The reality, however, is that we live in societies that are racist and anti-people-of-colour generally, but, more specifically, anti-black. When we uncover colonial histories and imperial legacies, when we confront the narratives and systems that accompany these, we find racial hierarchies overwhelmingly defined by an anti-blackness; one that continues to be prevalent not only in the West but globally where ideas about race and ethnicity remain active social, political and cultural determinants.
As a South Asian, in an attempt to challenge the anti-blackness that is present in my communities even when we are organizing around anti-racism, sexism or imperialism, has forced me to identify as politically Black – a term that arose out of black and Asian peoples struggling against racism in Britain together – as part of a continued solidarity. I cannot be anti-racist unless I am calling into question its core tenet that even other communities of colour have and continue to enjoy levels of privilege over. Furthermore, it has allowed me to ‘map’ the ways in which experiences of oppression can be connected whilst producing very real, nuanced, and complex realities for different groups of people.
Understanding anti-racism work as being fundamentally pro-people of colour and pro-black in the way you are pro-women forces you to actively engage with, and support these avenues that promote non-white life whilst stressing commitment to corresponding political action within your feminist space.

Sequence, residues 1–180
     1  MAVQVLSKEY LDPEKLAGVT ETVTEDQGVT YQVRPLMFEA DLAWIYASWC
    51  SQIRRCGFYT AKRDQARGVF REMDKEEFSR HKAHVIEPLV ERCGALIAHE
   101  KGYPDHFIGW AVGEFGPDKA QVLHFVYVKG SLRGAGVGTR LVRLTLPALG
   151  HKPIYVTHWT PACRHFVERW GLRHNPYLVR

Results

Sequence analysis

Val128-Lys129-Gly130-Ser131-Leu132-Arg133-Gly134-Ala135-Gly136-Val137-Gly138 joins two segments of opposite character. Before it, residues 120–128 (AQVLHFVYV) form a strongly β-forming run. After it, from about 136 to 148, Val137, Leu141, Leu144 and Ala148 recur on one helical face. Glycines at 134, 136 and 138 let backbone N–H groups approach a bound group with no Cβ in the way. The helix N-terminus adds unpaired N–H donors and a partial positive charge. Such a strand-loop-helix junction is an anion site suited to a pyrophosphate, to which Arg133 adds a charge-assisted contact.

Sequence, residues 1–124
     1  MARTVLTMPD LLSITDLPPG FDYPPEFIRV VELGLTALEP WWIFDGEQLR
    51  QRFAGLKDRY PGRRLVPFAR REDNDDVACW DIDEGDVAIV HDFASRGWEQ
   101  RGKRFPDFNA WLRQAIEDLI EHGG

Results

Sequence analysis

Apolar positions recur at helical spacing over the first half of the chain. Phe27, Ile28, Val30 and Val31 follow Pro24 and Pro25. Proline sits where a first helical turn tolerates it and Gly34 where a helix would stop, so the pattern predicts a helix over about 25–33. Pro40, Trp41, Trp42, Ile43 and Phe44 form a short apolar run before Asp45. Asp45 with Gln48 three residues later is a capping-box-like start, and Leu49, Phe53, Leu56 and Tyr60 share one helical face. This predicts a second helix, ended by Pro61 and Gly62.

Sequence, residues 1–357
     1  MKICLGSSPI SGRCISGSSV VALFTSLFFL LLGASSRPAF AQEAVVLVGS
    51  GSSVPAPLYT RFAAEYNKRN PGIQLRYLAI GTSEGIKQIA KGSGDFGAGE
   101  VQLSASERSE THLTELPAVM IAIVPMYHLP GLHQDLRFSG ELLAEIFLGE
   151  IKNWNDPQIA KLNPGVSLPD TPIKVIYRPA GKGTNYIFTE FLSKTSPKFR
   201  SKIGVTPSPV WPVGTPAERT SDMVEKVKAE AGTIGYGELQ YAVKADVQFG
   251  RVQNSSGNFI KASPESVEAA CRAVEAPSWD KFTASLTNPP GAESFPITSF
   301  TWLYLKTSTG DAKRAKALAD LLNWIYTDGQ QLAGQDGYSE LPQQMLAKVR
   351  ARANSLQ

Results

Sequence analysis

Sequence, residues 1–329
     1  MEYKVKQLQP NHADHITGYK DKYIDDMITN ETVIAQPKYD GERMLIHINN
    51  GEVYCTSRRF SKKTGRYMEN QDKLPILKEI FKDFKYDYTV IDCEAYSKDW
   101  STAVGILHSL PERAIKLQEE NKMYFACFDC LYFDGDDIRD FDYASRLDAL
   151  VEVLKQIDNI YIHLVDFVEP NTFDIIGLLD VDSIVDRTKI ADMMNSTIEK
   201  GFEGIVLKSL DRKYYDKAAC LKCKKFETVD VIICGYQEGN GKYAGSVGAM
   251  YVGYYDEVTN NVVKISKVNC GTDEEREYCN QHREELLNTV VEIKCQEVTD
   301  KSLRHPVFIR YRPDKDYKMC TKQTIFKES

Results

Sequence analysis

So what does that look like in reality?
- Learn: contextualise, locate and attempt to understand the varied and complex ways systems of domination work historically and in the present. There are books, videos, lectures, events – an abundance of resources for you to learn and critically think about how systems like white supremacy, colonialism, slavery and imperialism work to frame varied and complex experiences of inequality and oppression. It harnesses the possibility of limiting reduction, being able to identify more broadly as ‘women’ (or ‘men’) whilst offering the room to confront the fundamental differences that accompany that very same category or how that category is defined (e.g. indigenous meanings or concepts of gender or sexuality).
- Decolonise: If someone calls your privilege out or identifies ways you may be reproducing racism don’t take it personally. The reason why systems of domination are so effective is that they are reproduced not only through institutions and structures, but through real and living people. Having been socialised into society, and not outside of it, every one of us will be guilty of doing so even if it is subconscious. As bell hooks succinctly puts it: “labelling ourselves feminists does not change the fact that we must consciously work to rid ourselves of the legacy of negative socialization.” Step outside of yourself and think about what or when you may be at risk of doing so and challenge that. Always acknowledge the limits of your knowledge and experience and learn how to use those limits as an excuse to do the radical: go beyond them. It’s likely a whole world will be revealed in a new light, offering agency and possibility for transformation in very personal but political ways.